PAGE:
‘Glee’s’ LGBTQ Thunder Dome

tumblr_niawyjFQWT1qhzi2jo1_500Glee has this habit of pitting LGBTQ characters against each other, as well as their shippers and fans. While the resulting social media commotion may be an effective way of creating some sort of social capital for a show that should have sunk years ago, it’s at the expense of the very same LGBTQ community Glee likes to congratulate itself for celebrating.

In the latest episode, which contains the much appreciated Brittana proposal and the most sensitive treatment of Brittana since season 2, it also features Santana viciously going after Kurt about why Blaine broke up with him. The result is pretty brutal and unnecessary, even for a character whose razor sharp edge is sometimes a complex, nuanced part of her personality. Really, it was uncalled for, even if Kurt interrupted Santana’s moment.

Beyond the fact that Blaine is the toxic character in the Klaine pairing and constantly escapes any sort of real criticism or challenge, it’s disheartening that Glee doesn’t seem to have room for two hugely important LGBTQ characters to exist in the same space and support each other at the same time.

This becomes degrading, particularly when one of the most popular ships is piloted primarily by straight women (Klaine)–people who have no visceral understanding of what it means to be LGBT, because these are not their stories. I have been told by straight fans recently many times that I don’t know how inspirational Klaine is to the LGBTQ community, but when was the last time they asked an LGBTQ person?

Brittana and Klaine both deserve the SAME amount of screen time in duets, intimate conversations and public displays of affection. The fact that these couples are not treated equitable on the show is not the fault of other LGBTQ couples. The reason Klaine doesn’t get a kiss in an episode has nothing to do with Brittana having a conversation in the same episode.

When fans start citing another LGBTQ couple as the reason their LGBTQ couple doesn’t get X,Y, or Z, clearly the show has failed. Glee, true to it’s nature, does this on purpose because Ryan Murphy and company thrive on counterproductive controversy. This results in real life LGBTQ fans getting trampled from all directions, often by straight people who are led to believe lashing out about other LGBTQ characters and at real people is their self-righteous duty. I don’t think so.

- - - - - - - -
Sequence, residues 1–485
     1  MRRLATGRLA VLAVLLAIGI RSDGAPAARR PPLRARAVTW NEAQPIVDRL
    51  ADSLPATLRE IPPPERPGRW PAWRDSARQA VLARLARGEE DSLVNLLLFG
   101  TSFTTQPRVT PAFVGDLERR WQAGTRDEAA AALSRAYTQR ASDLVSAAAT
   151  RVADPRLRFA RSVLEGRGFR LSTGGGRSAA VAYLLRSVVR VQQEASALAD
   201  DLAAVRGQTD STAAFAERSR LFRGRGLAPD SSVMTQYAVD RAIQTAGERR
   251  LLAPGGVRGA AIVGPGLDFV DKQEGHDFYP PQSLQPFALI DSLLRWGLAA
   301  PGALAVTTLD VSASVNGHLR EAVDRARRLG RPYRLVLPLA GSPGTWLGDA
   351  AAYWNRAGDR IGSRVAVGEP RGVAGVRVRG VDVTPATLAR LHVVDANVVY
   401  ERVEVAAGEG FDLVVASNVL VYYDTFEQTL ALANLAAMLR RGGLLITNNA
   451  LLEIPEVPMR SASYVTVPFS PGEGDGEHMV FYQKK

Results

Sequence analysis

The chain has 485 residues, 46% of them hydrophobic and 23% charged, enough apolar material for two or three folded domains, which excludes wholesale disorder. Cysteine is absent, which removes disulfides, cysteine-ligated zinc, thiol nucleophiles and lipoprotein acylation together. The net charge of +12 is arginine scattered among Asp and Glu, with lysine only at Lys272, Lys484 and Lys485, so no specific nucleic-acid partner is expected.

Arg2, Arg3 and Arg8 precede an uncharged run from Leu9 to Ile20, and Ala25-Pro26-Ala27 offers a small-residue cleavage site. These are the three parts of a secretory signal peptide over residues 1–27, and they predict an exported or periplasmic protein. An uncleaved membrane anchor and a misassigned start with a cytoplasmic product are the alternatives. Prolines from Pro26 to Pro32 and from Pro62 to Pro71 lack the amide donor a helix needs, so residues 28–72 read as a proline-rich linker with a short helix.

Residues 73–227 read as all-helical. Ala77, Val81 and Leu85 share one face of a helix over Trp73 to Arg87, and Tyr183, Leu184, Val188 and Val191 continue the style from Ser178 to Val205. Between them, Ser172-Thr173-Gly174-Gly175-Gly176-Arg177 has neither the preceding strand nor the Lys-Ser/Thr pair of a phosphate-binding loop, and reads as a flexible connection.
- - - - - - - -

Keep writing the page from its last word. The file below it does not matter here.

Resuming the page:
The competition between LGBTQ characters and couples on Glee is exhausting, unnecessary and damaging for everyone involved. It fosters an unhealthy fandom, which then trickles out into the real world. Glee still gets touted for how queer it is, but by creating a competition out of it’s most popular LGBTQ characters and ships–pitting them against each other in the show, and therefore inciting the same culture outside the show–does little good. Sit down Glee. The LGBTQ community doesn’t need much more of your thunder dome-style representation.

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About VersusTheFans

Amplifying and celebrating the value of popular art, especially TV, in giving a voice to women and the LGBT community, in addition to serving as a media watcher on LGBT reporting.

Posted on January 17, 2015, in All Posts, Fandom, LGBTQ, Representation, TV Shows and tagged , , , . Bookmark the permalink. 2 Comments.

  1. Awesome! Thanks for this – I too hate how Glee writers always need to show their LGBTQ characters fighting between each other. That whole Santana rant was very distasteful and not at all funny.

  1. Pingback: Why I’m Not Watching Brittana | Versus the Fans

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